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Sediment Dredging at Superfund Megasites: Assessing the Effectiveness failures. Site-specific factors, such as debris or limitation of dredging by bedrock or hardpan can influence the amount of residuals. Box 2-9 describes specific processes during dredging that contribute to residual formation. The residual contaminant mass is typically limited to the upper few inches of sediment, which is populated and actively processed by sediment-dwelling organisms (although in the case of undisturbed residuals the depth can be substantially greater). That upper layer is subject to erosion and other physical and chemical processes that may promote release into the overlying water because of the entrainment of water into the dredged sediment, which causes physical (decreased consolidation) and chemical (redox) changes in the residuals. Residual contamination may also be attributable to sediment that was not dredged, because of the dredger’s failure to meet dredge cutlines (either depth or areal targets) or errors or incompleteness in site characterization that failed to identify appropriate depth and areal extent of contaminated sediment. Patmont (2006) compiled data on residuals from 12 environmental-dredging projects. Final generated residuals ranged from approximately 2 to 9% (average = 5%)11 of the mass of contaminant dredged during the last production cut. There is little research on the amount of generated residuals transported outside the dredge prism, but their presence has been documented analytically (EcoChem Inc 2005) and visually with sediment-profile imagery (Baron et al. 2005). Release Release is the process by which the dredging operation results in the transfer of contaminants from sediment pore water and sediment particles into the water column or air. Contaminants sorbed to resuspended particles may partition to the water column and be transported downstream in dissolved form along with contaminants in the released 11 More recently, Patmont and Palermo (2007) analyzed a similar (though not identical) dataset and found that final generated residuals ranged from approximately 2% to 9% (average = 4%) of the mass of contaminant dredged during the last production cut.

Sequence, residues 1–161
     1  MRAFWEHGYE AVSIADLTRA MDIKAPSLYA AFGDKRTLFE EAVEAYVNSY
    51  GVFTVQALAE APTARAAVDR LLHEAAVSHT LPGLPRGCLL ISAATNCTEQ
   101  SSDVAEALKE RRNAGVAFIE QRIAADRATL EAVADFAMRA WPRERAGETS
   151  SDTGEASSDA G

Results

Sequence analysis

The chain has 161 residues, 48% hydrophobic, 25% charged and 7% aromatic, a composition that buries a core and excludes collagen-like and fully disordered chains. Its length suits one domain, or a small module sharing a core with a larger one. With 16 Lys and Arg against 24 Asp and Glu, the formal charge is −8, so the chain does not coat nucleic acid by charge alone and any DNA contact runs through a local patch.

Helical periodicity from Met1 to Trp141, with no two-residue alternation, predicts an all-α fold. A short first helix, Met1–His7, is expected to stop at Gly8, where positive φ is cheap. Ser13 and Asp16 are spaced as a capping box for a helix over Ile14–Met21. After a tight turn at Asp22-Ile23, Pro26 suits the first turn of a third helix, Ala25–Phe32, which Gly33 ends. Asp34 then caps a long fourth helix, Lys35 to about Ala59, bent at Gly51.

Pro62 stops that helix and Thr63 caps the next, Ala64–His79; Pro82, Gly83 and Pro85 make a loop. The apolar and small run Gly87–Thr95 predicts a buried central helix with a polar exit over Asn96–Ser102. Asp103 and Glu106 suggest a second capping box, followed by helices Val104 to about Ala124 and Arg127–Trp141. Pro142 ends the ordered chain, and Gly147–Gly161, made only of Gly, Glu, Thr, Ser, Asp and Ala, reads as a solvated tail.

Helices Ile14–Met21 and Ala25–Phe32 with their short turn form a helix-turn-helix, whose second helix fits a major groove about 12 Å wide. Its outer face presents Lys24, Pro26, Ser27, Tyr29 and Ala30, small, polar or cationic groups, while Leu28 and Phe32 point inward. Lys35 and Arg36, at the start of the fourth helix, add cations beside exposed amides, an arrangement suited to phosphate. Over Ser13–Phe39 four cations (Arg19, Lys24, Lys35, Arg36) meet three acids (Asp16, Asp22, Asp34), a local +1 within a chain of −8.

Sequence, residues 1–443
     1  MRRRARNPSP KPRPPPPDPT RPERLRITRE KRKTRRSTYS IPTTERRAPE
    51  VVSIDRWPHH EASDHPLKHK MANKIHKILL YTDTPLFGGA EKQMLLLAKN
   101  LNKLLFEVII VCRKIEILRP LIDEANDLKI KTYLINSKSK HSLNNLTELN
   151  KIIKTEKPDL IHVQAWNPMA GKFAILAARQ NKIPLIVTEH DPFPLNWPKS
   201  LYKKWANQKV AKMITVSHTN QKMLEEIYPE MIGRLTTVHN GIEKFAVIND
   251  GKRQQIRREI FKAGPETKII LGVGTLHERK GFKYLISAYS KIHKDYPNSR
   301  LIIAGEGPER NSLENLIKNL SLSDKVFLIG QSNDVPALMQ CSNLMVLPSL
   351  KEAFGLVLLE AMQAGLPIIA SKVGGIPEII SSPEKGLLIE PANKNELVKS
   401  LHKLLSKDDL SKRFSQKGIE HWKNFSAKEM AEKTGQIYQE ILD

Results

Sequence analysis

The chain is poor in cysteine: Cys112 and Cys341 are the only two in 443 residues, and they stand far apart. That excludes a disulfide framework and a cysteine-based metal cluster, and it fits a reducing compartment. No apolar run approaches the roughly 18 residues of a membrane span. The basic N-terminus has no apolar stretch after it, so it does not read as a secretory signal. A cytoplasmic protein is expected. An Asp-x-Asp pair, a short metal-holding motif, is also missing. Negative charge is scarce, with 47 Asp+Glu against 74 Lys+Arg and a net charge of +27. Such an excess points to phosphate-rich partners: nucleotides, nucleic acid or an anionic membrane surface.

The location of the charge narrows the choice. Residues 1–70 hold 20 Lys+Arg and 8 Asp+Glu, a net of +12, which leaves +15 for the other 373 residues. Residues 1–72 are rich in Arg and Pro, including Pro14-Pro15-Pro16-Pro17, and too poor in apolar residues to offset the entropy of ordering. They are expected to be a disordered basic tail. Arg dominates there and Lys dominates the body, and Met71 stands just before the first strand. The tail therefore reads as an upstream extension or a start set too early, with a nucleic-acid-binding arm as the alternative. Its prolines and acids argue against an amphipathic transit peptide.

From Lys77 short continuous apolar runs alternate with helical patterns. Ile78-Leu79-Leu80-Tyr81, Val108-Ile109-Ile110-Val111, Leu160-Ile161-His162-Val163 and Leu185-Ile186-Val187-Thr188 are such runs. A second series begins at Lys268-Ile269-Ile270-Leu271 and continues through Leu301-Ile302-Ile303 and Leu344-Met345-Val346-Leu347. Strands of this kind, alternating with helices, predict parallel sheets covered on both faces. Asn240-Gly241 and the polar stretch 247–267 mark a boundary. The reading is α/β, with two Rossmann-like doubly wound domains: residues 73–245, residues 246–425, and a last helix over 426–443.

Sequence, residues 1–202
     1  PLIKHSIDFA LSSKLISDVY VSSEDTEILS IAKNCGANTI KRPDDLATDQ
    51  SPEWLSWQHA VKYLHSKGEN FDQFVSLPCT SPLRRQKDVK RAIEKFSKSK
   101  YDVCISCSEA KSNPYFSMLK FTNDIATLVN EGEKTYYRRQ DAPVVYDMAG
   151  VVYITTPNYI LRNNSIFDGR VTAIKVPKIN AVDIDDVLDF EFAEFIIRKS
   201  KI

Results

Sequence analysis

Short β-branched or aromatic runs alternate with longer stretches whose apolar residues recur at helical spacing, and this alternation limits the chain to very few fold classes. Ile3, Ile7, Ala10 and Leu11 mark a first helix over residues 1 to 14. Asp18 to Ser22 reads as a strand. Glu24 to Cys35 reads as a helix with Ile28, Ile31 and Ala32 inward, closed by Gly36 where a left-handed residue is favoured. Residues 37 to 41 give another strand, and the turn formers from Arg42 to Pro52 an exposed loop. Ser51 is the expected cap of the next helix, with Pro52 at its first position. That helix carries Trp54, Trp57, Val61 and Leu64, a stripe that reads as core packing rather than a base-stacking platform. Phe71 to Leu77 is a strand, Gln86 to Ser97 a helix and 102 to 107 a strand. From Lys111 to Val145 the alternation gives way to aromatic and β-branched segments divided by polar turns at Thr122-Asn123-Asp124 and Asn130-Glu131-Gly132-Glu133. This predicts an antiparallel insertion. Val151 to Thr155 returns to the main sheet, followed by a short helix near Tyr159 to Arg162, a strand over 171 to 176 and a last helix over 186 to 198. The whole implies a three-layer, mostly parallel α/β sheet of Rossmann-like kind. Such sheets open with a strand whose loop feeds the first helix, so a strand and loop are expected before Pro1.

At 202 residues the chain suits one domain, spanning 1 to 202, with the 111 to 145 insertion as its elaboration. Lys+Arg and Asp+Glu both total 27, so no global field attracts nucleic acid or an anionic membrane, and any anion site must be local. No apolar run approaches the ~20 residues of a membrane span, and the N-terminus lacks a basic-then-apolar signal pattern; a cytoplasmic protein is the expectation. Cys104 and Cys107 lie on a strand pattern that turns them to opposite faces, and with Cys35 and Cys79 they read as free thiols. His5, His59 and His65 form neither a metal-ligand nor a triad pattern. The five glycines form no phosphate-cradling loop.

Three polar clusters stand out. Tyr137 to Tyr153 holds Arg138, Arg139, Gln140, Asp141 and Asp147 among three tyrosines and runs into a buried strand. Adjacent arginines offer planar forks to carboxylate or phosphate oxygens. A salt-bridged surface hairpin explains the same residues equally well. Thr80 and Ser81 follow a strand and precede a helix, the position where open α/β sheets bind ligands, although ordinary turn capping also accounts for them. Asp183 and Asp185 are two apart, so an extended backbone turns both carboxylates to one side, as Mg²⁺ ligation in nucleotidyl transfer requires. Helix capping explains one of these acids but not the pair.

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Sediment Dredging at Superfund Megasites: Assessing the Effectiveness BOX 2-9 Specific Processes Contributing to the Residual Layer During Dredging For mechanical dredging, processes that contribute the residual layer are The erosion of sediment from around and within the bucket as it is placed on the bottom, closed, and raised through the water column. The erosion in the water column can be controlled with the use of enclosed buckets. However there can be significant resuspenion of contaminated sediment during the closing of enclosed buckets, as the bucket vents expel sediment at high velocity. The overflow of turbid water from the sediment haul barge, controlled with restrictions on barge overflow and associated capture and treatment of the turbid water. For hydraulic dredging, processes that contribute the residual layer are The spillage layer generated by hydraulic dredging associated with the turning of the cutterhead or auger in the sediment. Hydraulic dredges are normally configured with the inlet of the suction pipe well above the lowest reach of the rotating cutterhead or auger. That means that the mixed layer generated by the cutterhead or auger is not fully removed by the suction pipe and consequently there is a “spillage layer” left behind after dredging. Another source of residual sediment is resuspension by the rotating cutterhead or auger, when sediment is displaced away from the cutterhead or auger into the water column. Dredging, either mechanical or hydraulic, can result in the formation of a residual layer through a variety of mechanisms including The sloughing of the sidewalls and headwall of the dredge cut face back on to previously dredged areas. This sloughing can be controlled through the use of relatively thin dredge lifts (few feet each) and by including a final cleanup pass of dredging once the bulk of sediment has first been removed (“two pass dredge approach”). If not controlled, this bank sloughing can result in a considerable residual layer forming on previously dredged areas. The remolding of soft fine-grained sediment by the dredging process can significantly reduce the strength of the material and generate a more liquid like flowable residual layer in the dredging area. This flowable material can be very difficult to capture with the dredge and result in a residual layer that is